Healthy skin and hair are often a REFLECTION of good health overall.
Your appearance is a REFLECTION of your character, so when you dress for a job interview, make sure you choose clothes that are smart and appropriate, but flattering, too.
The slump in property prices in Seattle’s suburban areas is a REFLECTION of the general economic downturn in Washington State.
Your decision to stay behind and help others at great risk to your own life is a REFLECTION of your compassion and courage.
A REFLECTION is also an image in a mirror, on a shiny surface, or on water. It is also something that is REFLECTED like light or sound.
All morning on the day of his wedding, Todd faced his REFLECTION in the mirror and nervously practiced his groom’s speech.
The REFLECTION of the late afternoon sunlight on the windows of the building across from us turns them to pure gold.
The REFLECTIONS from the streetlights gave us just enough light to allow us to make our way down the darkened alleyway.
REFLECTION may also refer to careful thought about something, sometimes over a long period of time. Similar words include consideration, pondering, contemplation, deliberation, and musing.
A moment’s REFLECTION should have told you that you were about to do something very foolish. What were you thinking?
Although it meant having to leave her London home, on REFLECTION, Cathy decided to accept the editor-in-chief position at a leading woman’s magazine in New York City.
A week in the Highlands, taking long walks and breathing in the fresh mountain air, gave Chief Inspector Dalgliesh time for REFLECTION after an especially difficult investigation.
And finally, REFLECTION can also mean your written or spoken thoughts about a particular event or an account or description of something.
Her publisher asked Adelmira to write a book of REFLECTIONS on her childhood, much of which was spent in a Palestinian refugee camp.
I don’t think the feature article that appeared in this morning’s New York Times is an accurate REFLECTION of what happened. I should know. I was there.
REFLECTIVE is the adjective form of REFLECT. One definition of REFLECTIVE is relating to or characterized by deep thought.
What’s with the REFLECTIVE look this morning? I’ve never seen you look so serious.
Roald Dahl was a quiet, REFLECTIVE man who spent many hours each day writing his beloved children’s stories in his garden shed in rural Buckinghamshire.
REFLECTIVE also refers to a material or surface that is capable of REFLECTING light or other radiation.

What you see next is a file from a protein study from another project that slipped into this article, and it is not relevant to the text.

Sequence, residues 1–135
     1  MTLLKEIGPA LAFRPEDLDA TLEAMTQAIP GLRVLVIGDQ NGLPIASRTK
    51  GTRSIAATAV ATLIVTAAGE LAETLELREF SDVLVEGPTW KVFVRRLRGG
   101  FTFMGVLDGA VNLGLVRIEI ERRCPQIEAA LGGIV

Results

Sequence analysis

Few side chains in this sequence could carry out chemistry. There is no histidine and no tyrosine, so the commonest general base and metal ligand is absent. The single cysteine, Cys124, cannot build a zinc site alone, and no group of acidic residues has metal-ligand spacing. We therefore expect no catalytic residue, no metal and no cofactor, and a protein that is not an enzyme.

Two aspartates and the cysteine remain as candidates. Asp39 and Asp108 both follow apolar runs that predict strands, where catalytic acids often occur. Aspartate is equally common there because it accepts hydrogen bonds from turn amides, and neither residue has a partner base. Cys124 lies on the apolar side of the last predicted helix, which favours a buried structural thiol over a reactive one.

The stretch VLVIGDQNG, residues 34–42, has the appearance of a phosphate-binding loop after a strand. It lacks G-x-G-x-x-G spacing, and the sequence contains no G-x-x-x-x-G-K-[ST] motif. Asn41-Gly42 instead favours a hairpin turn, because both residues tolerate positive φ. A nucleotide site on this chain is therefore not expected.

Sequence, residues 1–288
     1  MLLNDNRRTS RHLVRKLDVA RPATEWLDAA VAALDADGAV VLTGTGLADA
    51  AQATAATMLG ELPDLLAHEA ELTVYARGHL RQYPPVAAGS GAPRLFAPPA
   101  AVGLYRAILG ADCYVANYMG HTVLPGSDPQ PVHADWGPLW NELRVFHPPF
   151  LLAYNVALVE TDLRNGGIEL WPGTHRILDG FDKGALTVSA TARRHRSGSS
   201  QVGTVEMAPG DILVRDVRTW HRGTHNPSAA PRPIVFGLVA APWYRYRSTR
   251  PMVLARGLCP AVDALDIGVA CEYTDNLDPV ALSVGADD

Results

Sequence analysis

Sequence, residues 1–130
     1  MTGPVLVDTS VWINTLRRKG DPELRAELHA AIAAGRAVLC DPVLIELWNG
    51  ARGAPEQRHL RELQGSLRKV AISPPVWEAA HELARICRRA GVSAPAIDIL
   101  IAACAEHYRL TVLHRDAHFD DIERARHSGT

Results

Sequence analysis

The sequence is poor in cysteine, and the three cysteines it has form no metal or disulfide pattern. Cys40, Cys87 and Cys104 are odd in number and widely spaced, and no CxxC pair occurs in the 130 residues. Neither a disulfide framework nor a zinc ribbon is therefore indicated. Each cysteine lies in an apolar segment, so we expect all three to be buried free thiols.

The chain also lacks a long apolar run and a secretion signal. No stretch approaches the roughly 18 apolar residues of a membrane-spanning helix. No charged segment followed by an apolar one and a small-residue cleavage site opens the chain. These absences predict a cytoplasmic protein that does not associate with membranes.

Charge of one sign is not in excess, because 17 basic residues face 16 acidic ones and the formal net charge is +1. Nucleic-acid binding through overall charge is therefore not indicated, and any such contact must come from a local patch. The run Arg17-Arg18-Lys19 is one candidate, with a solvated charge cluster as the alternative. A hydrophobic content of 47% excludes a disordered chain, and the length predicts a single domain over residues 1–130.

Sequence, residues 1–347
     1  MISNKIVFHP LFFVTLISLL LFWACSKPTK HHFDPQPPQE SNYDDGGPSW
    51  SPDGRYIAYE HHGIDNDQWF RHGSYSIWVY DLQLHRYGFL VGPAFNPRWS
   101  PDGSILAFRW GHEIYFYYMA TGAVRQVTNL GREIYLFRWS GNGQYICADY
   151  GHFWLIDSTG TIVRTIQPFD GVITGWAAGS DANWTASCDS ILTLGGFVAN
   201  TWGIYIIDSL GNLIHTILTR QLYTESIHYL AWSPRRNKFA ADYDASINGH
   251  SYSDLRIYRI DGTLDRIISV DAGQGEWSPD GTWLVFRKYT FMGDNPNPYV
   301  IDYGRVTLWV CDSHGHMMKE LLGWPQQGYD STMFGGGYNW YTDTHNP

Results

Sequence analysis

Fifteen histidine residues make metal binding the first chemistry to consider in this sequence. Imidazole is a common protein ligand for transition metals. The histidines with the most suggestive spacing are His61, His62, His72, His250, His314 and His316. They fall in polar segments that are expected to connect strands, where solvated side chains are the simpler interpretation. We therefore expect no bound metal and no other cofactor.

Children should wear REFLECTIVE clothing or carry glow sticks when they go trick-or-treating on Halloween.
Homes built with energy efficiency in mind should include roofing material that is durable, low maintenance, and REFLECTIVE of heat in summer and heat-absorbent in winter.
REFLECTIVE also describes the condition or nature of a person’s actions.
Matt’s poor work ethic is not REFLECTIVE of the team as a whole. The others are extremely hard working and committed to the project.
REFLECTIVELY is the adverb form of REFLECT. It means thoughtfully.
Jo sipped her wine REFLECTIVELY as she gazed out the bay window at the peaceful sea.
She painted heavy violet makeup on her eyelids, yet she made no effort to CONCEAL an odd crimson mark on her chin.
CONCEAL is a verb that means to hide something. Synonyms include cover, block, obscure, block out, and mask.
The secret passageway leading from the Queen’s bedchamber to the private library was CONCEALED beneath a thick tapestry of a hunting scene.
During the summer months, tall, thick hedges and big, leafy birch trees CONCEAL the stately buildings of Pendley Manor.
Celebrity make-up artists know how to effectively blend cosmetics to CONCEAL their clients’ most obvious imperfections and blemishes.
CONCEAL can also mean to keep something secret, or to prevent something from being known or noticed. Synonyms include disguise, cover up, repress, and bottle up.
Unable to CONCEAL her disappointment in not being elected Class President, Kay went home from school early and spent the day lying in bed.
Although Ivan loved Natasha and knew in his heart that he would make a better husband than his younger, irresponsible brother Dimitri, he kept his true feelings for her CONCEALED.
CONCEALED is an adjective form of CONCEAL and describes something that is kept hidden or secret. Synonyms include not visible, covered, obscured, and out of the way.
It should be illegal to carry a CONCEALED weapon onto any university campus, but some schools in Texas still allow it.